I am unusually (for me and reading) measured and disciplined with the short story. One a day at most, occasionally two, but one good one will give me enough to think about through the day as a sort of little performance stage to walk onto in my mind. A nice place to visit as I go about the less exciting aspects of life chez dovegrey, where things still need ironing, washing machines need feeding, you spend half your life on this recycling thing and cats still sick up on the kitchen floor, you know the score.
However schedules and discipline were scattered to the west winds when I started reading Polly Samson's new collection, Perfect Lives, recently published by Virago.
Now I'll own up I only picked this up in desperation for a book to take along to the Endsleigh Salon last week for the theme of Music.
How can I have struggled with such an enticing theme and always I promise myself that I'll be organised like Linda and Rebecca, but there I was Mrs Last-Minute.Com again? So I bargained with Polly Samson and said she could come with me if I got the merest hint of music in the first story. Polly squeaked it with a reference to a song playing on the car radio but in fact it wouldn't have mattered because it didn't need a song, I was hooked anyway, and to be honest she was home and dry with her epigraph from Leonard Cohen,
"It's the notion that there is no perfecttion - that this is a broken world and we live with broken hearts and broken lives but still that is no alibi for anything. On the contrary, you have to stand up and say hallelujah under those circumstances."
Dear old Leonard, how we loved him and music surfaces frequently in this collection, in the shape of concert pianists, classical singers and piano tuners, and I felt at times as if I was reading the literary equivalent of a suite or a concerto or a fugue or something. Help me out musical readers...the one where the melody changes and is reshaped a little later on, enough to trigger your memory of what went before.
This musical interest would all have come as no surprise had I done my homework first because Polly Sansom is a pianist and lyricist and the wife of David Gilmour of Pink Floyd fame, so clearly music matters, but as Dave Gilmour has been keen to point out about Polly's book ..."it's not %&*^&% autobiographical." so don't go there. I don't know about you but I rarely make that assumption about fiction these days so no problem. In fact forget autobiographical connections (and what would I know) I was more as sick as a parrot to discover I'd read five stories in one sitting and the remaining six in another which meant I didn't have any left and I wanted many more.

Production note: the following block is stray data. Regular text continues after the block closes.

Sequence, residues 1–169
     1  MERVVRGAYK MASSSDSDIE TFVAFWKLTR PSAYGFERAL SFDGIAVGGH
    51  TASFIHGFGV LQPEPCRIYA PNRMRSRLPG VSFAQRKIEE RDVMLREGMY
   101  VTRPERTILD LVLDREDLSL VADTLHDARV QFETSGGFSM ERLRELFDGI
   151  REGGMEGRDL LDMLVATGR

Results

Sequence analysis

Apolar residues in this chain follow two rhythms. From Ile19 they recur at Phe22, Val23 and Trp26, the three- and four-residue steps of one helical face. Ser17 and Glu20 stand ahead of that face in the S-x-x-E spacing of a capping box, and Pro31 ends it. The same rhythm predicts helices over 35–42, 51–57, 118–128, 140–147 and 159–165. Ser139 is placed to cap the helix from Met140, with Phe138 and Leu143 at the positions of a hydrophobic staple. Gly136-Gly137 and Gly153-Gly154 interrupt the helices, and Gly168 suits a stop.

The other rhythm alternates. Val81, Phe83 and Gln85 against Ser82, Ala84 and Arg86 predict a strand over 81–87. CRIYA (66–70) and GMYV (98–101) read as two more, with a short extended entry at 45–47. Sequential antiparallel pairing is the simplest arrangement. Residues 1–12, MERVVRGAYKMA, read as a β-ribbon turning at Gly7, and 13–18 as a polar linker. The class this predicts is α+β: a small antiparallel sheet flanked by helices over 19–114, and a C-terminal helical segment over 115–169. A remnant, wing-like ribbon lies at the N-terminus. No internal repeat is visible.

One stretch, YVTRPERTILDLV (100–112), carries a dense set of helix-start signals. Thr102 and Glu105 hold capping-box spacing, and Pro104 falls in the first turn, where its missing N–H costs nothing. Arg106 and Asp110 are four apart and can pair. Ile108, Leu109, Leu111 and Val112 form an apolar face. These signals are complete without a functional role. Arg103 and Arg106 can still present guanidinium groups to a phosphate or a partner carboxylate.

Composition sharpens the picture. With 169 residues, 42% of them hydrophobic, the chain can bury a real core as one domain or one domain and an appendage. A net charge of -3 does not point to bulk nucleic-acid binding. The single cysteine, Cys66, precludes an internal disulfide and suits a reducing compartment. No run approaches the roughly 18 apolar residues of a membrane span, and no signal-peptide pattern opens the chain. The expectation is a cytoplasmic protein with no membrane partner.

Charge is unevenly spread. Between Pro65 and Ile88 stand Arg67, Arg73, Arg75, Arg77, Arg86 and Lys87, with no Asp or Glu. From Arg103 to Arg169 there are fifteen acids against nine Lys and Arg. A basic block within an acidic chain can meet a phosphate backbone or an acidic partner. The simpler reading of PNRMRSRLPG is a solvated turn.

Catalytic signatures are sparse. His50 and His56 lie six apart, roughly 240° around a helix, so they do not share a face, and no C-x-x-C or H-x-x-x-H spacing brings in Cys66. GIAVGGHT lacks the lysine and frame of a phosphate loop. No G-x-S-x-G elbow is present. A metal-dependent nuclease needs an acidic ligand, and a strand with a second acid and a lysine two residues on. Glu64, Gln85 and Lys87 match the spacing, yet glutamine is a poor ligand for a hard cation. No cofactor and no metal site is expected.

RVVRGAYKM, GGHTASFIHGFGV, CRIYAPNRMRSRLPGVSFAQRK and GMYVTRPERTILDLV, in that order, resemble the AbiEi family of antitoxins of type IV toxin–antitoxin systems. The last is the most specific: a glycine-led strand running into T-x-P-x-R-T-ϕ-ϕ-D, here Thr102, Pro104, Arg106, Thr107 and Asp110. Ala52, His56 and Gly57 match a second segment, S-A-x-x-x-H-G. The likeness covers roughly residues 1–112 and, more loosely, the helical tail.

The difference being that in this collection that is Perfect Lives... except you know these are only going to be Perfect-Enough Lives because Leonard has said as much... the stories connect and weave into each other offering differing perspectives on the lives they contain. The web is intricately woven across the whole which made this book read quite differently, unlike a disparate collection here there were connections to hold in mind and make throughout.
This is my favourite sort of writing, events told slant and all off to a riveting start with Celia's discovery of her husband's waywardness and her subsequent coping strategies, and all set against the backdrop of the beach side home, exposed and battered by the weather and the sight of the waves. A home harbouring secrets which are slowly unwrapped, just a few words here, a few there, enough to help me sniff out the trail and a home offering but limited protection for poor Celia's battered emotions too...amazing what can sneak in through the letter box. And then there are the waves with their potential to be calm and soothing or to hold the power of malevolent forces, and all exploited wonderfully in the telling of this story. The local weather forecast here in Devon always predicts wave conditions for surfers and often the lovely David Brain tells us the waves are 'messy', Celia knows about 'messy' waves.
The stories progress through the connected lives so this is one collection you need to read in the given order, which I often don't, if you are to get to grips with who belongs to who and thus experience the full and very satisfying impact of the slow dawning realisation about those relationships.
It all reminded me of health visiting days and suddenly in mid-home visit someone would say, "Oh you visit my sister" and then you'd place them in a much bigger setting and pull in another raft of background information that informed and expanded on what you already knew. Talking of which, a stout health visitor wearing Hush Puppies features in this book, and doing daily visits too, (neither of those is me in this picture by the way, but I do love it and one of them is a health visitor...your guess) so for all its contemporary setting this bit must have been well before my time.I didn't wear Hush Puppies once in thirty years honest, and daily visits?
Then there are the gaps and silences and how much I appreciate an un-bossy writer who trusts me to fill them as I choose, not as they insist.
Prose described as lyrical switches me off almost as much as limpid, I think we need to draw on a whole new batch of prose-describing adjectives, I just can't think of any at the moment so perhaps decide for yourselves...
'She grew up with the delicate weight of her grandmother's dreams draped around her shoulders like a shawl...'
'That and the way he played Chopin, long strong fingers playing the keys so softly they might have been stroking the cheek of an infant...'
Pulling 'lyrical prose' out of context may do it no favours now I read that back but when you come across moments like this in a book, and in a short story in particular, it really is like finding your favourite chocolate in a box that you are already enjoying gorging on anyway.